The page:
Can BigLaw Accommodate the Needs of Women?

08.07.12 | Posted By: Susan Duncan

MP900438566A growing number of women are placing a higher priority on having a high paying career than they did fifteen years ago. According to a Pew Research Study, while women have surpassed men in education achievement since 1999, 66% of women between the age of 18 and 34 now cite a high-paying career as high priority compared to 56% in 1997.

Although these women place a higher priority on the importance of their career than men do (66% to men’s 56%,) success in marriage and parenting are still more important than success in their careers, for both men and women.  According to the study, “Today, nearly six-in-ten (59%) women ages 18 to 34 say being a good parent is one of the most important things in the their life.”

What do these findings mean for women who have chosen law as their career path, particularly in big law firms where the billable hour quotas often exceed 1900 or 2000 per year and where few firms promote lawyers to partnership if they have chosen a reduced-hours schedule?  Despite the fact that law schools graduate nearly 50% women every year, it is widely known that a large number of women opt out of big law firms by the time they are in the eighth year of practice. They seek other opportunities that allow flexibility to also be involved in parenting in a way that makes them feel they are doing a good job, especially during critical years.

The majority of large firms have not yet developed the kind of flexibility in their promotion programs to allow women to work part-time and still advance to partnership. As a result, many women select alternatives, for example, dropping out of practice, going in-house, working in government or an NGO, continuing to work part-time at the firm even knowing they won’t advance to partnership, providing contract services as a freelancer, or perhaps joining the growing number of lawyers in on-demand legal service businesses like Montage Legal, Axiom or Clearspire.  These are all good options, but law firms are losing some of their most valuable talent by not being more progressive and aggressive in their policies and programs to accommodate more work-life balance.

There are leading law firms that have designed more flexibility in their partner promotion policies. This has allowed some firms to retain their stars, especially during critical years when women might have felt forced to find an alternative in order to meet their goals of being an effective parent.  Among the leaders in this area is Sidley, which in 2010 had 24% of its women on reduced hours who stayed on partnership track.  A number of equity partners at Sidley work on reduced-hours schedules. Another leader is Fredrickson & Byron where flex lawyers remain on partnership track at the same rate as peers.  As trends continue to reflect women’s dual and occasionally conflicting priorities of high-paying careers with being a good parent, law firms need to more aggressively and creatively figure out how to enable women to achieve both even in high-powered, high demand careers like Big Law.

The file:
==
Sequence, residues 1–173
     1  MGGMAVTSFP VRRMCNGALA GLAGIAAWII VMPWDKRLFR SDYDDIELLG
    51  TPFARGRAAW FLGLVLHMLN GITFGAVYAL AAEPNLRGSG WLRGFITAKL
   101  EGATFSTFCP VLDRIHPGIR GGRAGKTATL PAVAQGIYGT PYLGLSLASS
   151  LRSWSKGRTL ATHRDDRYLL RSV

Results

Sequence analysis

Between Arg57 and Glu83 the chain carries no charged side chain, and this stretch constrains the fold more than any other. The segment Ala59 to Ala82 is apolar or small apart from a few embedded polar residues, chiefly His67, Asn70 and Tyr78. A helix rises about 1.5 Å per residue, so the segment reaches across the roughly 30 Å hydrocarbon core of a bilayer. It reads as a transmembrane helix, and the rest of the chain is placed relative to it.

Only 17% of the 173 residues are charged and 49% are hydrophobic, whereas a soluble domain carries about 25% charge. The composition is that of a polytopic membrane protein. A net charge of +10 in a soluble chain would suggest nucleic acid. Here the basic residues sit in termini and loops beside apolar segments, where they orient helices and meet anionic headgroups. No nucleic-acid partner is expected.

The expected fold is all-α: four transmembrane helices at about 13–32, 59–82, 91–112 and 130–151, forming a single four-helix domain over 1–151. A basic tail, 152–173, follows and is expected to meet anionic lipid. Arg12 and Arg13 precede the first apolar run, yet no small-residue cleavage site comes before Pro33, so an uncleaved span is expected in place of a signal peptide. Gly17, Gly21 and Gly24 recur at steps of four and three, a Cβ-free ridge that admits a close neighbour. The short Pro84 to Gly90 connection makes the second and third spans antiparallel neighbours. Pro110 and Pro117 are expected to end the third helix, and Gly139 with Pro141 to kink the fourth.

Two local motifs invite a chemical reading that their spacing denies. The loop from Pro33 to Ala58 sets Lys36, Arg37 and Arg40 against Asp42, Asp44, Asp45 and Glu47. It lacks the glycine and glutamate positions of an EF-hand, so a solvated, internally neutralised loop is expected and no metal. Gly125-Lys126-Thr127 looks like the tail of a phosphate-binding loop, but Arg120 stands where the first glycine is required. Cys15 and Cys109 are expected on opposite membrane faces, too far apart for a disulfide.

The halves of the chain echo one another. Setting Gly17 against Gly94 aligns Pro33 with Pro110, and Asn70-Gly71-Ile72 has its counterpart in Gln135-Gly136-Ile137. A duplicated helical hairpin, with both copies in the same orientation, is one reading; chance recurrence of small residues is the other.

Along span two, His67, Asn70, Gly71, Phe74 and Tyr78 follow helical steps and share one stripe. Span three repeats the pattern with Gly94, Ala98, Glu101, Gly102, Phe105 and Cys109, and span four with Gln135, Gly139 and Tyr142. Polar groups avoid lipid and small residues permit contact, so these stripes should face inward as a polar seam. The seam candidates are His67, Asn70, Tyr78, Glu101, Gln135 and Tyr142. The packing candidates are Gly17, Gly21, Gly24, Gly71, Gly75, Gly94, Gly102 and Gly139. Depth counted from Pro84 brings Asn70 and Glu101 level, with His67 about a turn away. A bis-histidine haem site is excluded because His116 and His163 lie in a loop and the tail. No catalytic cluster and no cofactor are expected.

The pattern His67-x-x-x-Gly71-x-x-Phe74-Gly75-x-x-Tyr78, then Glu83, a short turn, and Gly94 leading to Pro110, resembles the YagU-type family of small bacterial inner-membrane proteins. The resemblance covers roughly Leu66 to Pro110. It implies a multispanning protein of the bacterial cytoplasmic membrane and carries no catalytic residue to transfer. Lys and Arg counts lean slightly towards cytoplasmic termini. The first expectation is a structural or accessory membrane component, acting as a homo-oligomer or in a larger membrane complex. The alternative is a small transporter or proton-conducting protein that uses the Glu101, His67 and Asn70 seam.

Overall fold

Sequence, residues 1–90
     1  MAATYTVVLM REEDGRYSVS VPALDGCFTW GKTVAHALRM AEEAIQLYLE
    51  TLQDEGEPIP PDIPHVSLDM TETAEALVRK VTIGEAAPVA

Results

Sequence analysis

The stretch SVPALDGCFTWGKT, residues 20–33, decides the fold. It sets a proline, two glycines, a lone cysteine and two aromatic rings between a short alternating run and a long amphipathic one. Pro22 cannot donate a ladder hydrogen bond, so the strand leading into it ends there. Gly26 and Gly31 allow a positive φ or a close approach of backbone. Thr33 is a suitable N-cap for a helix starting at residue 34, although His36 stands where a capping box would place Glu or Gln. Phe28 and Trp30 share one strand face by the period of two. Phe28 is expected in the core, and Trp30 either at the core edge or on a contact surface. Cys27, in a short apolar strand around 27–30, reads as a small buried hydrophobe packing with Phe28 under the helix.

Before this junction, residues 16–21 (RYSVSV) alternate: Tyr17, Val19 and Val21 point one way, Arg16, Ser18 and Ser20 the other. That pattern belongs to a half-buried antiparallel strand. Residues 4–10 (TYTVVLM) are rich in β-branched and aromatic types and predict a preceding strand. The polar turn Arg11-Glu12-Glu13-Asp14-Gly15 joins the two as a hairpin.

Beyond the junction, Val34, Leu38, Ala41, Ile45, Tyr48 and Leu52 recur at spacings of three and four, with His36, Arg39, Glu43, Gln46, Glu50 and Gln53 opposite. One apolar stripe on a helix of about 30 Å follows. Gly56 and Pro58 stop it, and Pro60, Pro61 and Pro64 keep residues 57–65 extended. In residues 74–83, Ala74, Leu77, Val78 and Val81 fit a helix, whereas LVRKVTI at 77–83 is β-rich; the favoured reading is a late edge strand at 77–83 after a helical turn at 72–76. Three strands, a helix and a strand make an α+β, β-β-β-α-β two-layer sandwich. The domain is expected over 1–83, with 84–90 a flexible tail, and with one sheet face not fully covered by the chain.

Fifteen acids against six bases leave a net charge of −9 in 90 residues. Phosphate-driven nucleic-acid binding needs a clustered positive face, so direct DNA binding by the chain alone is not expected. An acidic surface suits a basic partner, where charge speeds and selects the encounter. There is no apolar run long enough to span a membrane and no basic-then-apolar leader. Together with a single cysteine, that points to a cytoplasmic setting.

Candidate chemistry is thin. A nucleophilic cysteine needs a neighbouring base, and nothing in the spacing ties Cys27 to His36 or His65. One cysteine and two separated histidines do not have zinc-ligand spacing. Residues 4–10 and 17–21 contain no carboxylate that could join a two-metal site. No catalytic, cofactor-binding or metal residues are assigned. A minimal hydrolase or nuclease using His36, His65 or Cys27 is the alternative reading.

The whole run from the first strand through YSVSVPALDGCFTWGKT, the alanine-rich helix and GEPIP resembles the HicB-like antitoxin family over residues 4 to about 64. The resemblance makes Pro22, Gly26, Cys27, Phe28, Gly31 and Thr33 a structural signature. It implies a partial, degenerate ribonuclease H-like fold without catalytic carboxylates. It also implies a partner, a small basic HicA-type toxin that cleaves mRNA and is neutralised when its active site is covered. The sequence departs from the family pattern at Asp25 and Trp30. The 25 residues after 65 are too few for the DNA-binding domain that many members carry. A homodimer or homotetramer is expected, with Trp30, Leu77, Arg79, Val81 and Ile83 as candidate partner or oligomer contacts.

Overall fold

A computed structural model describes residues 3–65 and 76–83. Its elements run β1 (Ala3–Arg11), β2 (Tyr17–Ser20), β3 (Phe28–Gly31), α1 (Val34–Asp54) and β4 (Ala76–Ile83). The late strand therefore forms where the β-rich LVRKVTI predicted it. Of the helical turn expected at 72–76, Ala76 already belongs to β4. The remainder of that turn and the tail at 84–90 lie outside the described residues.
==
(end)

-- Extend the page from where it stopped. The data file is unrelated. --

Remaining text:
At the end of the day, though, the proof is in the numbers.  While the 2011 NAFE/Flex-Time Lawyers Best Law Firms for Women survey recognizes 50 law firms for their commitment to the retention and advancement of women through policies, support and promotion, only six of those 50 firms have 25% or more female, equity partners.  These are:

different study just released by the National Law Journal did not include some of the firms above in its survey but did find additional firms whose women equity partner ranks  exceeded 24%:

  • Fragomen at 42%
  • Jackson Kelly at 28%
  • Ice Miller at 27%
  • Best Best and Krieger at 27%
  • Ford & Harrison at 26%
  • Holland & Hart at 25%

The 2012 Annual Yale Law Women Study, which recognizes the top 10 family friendly law firms in the Vault Top 100 Law Firms, found that only 5% of partners who were promoted in 2012 were working part-time and only 7% had ever worked part-time.  This indicates that working part-time will be a major deterrent to partnership advancement — unless things change.  So what can law firms do to progress and improve their results in retaining and advancing valuable talent?  There are a number of programs and policies that should be reviewed and adjusted:

  • Review partner promotion criteria and results to be sure women aren’t only getting promoted to non-equity partnership but not equity partnership.
  • Increase the number of women in key leadership roles on key committees, e.g., management/executive, finance, compensation, partner promotion, strategic planning, practice groups, key client teams. (At Littler, 38% of nominating committee, 25% of Board of Directors, 24% of shareholder committee, and 31% practice group leaders are women, equity partners.)
  • Provide rigorous training and coaching in business development and leadership to women at all levels
  • Develop an effective sponsorship program (see Women Need Sponsors More than Mentors in Order to Succeed)
  • Design flexible work options that address multiple preferences including reduced hours, flex-time, telecommuting and job sharing and that don’t derail partnership promotion or bonuses.
  • Update parental leave policies.
  • Expand and enhance childcare offerings including on-site childcare, in-home back-up care, holiday and sick-child care, before and after work care, before and after school care, business travel childcare reimbursement.
  • Get rid of the billable hour quotas! These emphasize quantity over quality, promote inefficency and are never in the best interest of clients.

There has been remarkably little progress in stemming the flow of talented women out of big law firms. Firms will have to design, initiate and execute bold and sustainable steps.  And even those that have made impressive progress will need to continue to challenge themselves to progress further.